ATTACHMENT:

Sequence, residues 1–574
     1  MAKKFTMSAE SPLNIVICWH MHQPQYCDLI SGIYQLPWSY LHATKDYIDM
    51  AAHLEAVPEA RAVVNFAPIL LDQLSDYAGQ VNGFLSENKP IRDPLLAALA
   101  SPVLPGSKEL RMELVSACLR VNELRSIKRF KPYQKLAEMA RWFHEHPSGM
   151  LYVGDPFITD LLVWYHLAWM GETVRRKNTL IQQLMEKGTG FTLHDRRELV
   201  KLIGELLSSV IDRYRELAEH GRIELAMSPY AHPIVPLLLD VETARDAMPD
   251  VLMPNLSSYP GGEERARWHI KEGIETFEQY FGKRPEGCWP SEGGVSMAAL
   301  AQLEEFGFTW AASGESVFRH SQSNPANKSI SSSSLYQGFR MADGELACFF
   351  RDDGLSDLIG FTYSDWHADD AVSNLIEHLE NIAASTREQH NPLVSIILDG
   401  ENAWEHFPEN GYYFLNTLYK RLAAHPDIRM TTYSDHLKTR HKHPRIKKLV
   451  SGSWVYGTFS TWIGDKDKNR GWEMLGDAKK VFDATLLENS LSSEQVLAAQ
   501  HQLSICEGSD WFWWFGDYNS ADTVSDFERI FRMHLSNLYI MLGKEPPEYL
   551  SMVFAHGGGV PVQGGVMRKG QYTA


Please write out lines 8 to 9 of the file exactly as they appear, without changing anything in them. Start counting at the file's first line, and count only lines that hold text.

   301  AQLEEFGFTW AASGESVFRH SQSNPANKSI SSSSLYQGFR MADGELACFF
   351  RDDGLSDLIG FTYSDWHADD AVSNLIEHLE NIAASTREQH NPLVSIILDG